So Santa failed to make it this Christmas for many homes. On the news, there are lots of irate and furious people. I think this is a useful moment to reflect on the reasons people are frustrated here and see if there's anything useful to learn.
I've been trying to have more moderate and reasonable expectations for people and things, and to be accepting and indifferent to things like delays. I don't always succeed, but I'm sure I'm doing better than I used to.
- Perhaps there's too much emphasis put on the specific date and time. Perhaps it doesn't matter if parcels and gifts are a day or two late.
- Perhaps it's a problem that many kids believe there is a fantastical person named Santa who is obliged to reward them for questionably good behaviour by bringing them gifts on a specific date. Perhaps it's difficult for parents to explain the delay without disillusioning them. Perhaps it's not worthwhile lying to your children, given that reality happily and necessarily contradicts lies.
- Perhaps people worry too much about things working out a specific way. Perhaps people could try to be more flexible.
- Perhaps people make themselves unhappy unnecessarily by being intentionally inflexible.
I used to get very frustrated very easily, but I think that was because I maintained a very high level of stress. Since I gave up on stress, I've been much less frustrated with the world around me. I spend much less time angry at others (almost never) and when I do, I try to figure out why and what I can change in myself to change that. I don't want to hold unreasonable expectations for others, and if I find myself holding them, I want to drop them.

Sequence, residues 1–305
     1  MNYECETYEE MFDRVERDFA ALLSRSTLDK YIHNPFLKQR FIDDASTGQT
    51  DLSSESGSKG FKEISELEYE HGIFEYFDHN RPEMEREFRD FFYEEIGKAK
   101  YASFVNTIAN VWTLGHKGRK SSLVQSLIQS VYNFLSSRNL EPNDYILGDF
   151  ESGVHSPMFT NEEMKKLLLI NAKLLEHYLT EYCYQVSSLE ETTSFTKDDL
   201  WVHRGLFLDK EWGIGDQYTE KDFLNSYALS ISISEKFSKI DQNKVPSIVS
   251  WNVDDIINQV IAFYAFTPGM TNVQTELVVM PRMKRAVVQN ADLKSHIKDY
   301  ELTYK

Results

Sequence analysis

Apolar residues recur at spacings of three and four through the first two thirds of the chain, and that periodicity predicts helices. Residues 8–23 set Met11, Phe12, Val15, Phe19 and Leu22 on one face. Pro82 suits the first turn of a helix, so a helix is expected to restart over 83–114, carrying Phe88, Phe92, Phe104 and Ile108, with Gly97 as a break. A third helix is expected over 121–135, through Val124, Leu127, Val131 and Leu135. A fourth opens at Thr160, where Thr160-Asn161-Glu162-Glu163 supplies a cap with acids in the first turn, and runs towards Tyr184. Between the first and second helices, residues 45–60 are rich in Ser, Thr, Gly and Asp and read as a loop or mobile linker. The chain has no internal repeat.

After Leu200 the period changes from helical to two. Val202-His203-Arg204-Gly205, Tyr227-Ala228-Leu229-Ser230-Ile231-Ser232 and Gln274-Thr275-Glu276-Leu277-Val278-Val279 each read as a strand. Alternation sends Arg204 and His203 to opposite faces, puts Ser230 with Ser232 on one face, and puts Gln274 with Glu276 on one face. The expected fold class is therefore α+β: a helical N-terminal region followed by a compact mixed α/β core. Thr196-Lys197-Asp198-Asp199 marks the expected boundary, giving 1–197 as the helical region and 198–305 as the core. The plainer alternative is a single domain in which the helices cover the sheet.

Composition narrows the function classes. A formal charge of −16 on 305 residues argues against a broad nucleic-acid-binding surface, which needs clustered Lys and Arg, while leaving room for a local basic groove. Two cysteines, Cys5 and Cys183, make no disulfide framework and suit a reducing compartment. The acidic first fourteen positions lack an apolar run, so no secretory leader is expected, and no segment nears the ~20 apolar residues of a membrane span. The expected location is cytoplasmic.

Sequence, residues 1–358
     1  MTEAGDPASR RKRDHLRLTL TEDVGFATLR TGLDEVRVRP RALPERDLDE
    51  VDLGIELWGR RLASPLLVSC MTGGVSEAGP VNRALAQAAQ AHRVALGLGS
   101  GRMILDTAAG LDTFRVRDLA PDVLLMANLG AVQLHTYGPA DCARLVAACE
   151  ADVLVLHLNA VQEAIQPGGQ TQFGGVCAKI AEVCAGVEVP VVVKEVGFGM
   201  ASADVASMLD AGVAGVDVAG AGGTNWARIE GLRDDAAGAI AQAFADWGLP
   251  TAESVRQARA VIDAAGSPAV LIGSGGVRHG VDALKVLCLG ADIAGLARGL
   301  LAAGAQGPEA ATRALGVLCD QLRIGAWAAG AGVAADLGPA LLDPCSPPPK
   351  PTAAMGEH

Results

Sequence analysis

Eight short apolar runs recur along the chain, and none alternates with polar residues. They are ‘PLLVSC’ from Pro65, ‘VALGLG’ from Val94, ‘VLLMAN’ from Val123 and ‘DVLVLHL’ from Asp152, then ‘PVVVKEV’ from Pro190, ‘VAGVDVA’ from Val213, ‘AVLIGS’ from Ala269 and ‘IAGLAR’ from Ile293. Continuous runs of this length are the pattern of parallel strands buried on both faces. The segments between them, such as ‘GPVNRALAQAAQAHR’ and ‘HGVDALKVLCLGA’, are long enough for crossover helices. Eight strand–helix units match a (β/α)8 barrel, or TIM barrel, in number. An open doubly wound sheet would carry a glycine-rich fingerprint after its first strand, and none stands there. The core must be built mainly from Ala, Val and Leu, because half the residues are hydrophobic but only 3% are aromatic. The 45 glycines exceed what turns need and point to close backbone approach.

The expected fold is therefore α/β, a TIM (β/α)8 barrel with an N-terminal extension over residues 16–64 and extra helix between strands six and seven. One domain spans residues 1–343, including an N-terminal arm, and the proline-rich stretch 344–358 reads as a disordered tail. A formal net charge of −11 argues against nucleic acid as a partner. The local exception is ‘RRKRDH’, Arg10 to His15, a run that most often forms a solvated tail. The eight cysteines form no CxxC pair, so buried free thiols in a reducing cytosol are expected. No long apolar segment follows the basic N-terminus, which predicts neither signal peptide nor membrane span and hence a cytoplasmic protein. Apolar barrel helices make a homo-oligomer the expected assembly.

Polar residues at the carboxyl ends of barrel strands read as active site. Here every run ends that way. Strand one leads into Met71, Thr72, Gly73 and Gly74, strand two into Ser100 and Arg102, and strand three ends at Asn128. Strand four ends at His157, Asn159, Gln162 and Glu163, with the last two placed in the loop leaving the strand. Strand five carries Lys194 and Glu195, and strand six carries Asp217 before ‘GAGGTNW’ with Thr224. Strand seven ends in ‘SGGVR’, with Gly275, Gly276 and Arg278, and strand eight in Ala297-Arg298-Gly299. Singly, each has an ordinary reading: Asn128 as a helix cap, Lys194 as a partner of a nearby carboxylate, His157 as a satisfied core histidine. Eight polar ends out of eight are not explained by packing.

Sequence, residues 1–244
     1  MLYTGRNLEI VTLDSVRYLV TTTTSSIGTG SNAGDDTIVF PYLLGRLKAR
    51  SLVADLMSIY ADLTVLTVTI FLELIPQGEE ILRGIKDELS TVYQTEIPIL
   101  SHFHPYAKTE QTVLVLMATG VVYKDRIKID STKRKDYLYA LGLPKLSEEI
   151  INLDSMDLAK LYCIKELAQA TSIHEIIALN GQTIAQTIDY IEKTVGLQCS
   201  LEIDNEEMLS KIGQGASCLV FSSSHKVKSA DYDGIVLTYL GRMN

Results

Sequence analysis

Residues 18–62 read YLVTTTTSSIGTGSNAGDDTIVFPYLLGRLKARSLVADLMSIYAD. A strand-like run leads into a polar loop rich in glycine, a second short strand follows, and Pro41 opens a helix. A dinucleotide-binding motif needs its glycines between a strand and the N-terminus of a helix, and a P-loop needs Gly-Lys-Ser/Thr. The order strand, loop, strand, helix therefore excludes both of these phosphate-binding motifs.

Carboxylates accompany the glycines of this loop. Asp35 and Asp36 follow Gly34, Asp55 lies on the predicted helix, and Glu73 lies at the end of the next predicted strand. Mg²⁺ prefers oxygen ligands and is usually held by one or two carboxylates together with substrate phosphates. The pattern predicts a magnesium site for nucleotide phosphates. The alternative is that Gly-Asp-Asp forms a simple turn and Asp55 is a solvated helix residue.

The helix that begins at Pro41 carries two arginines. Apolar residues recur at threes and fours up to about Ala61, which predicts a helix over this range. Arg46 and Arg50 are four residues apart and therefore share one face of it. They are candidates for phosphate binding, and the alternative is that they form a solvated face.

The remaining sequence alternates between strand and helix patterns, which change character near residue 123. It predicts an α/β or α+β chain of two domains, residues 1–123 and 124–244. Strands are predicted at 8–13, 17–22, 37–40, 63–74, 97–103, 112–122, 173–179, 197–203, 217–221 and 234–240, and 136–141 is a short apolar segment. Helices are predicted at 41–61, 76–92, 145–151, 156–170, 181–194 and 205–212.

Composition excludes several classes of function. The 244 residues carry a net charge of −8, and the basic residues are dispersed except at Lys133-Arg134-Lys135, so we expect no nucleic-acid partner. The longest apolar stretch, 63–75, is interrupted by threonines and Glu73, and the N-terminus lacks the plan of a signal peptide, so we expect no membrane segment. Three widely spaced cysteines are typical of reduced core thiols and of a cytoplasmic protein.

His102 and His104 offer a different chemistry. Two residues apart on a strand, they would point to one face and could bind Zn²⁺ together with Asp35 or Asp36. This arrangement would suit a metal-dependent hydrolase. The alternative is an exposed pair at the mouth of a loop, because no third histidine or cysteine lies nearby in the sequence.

I wouldn't say Christmas has gone the way I would have wanted. There was a friend I had hoped to see that I haven't gotten to. There was a material item I had hoped to acquire but didn't. There was a movie I wanted to see, but haven't been able to*. I've managed to be comfortable with all of that, which I'm grateful for. (* regarding the film, I've actually been affected by the circumstances, but not specifically failing to see the film itself, as I don't think seeing films in theatres or in a timely manner is particularly.)
I've gotten better at being on time myself (because it matters to some others) and not worrying if other people aren't on time (because I'd want others to understand when I encounter delays).
So, my key to avoiding disappointment and maintaining happiness is trying to minimise unreasonable expectations and to avoid blaming others when plans don't work out. It doesn't always work, but it has helped. :)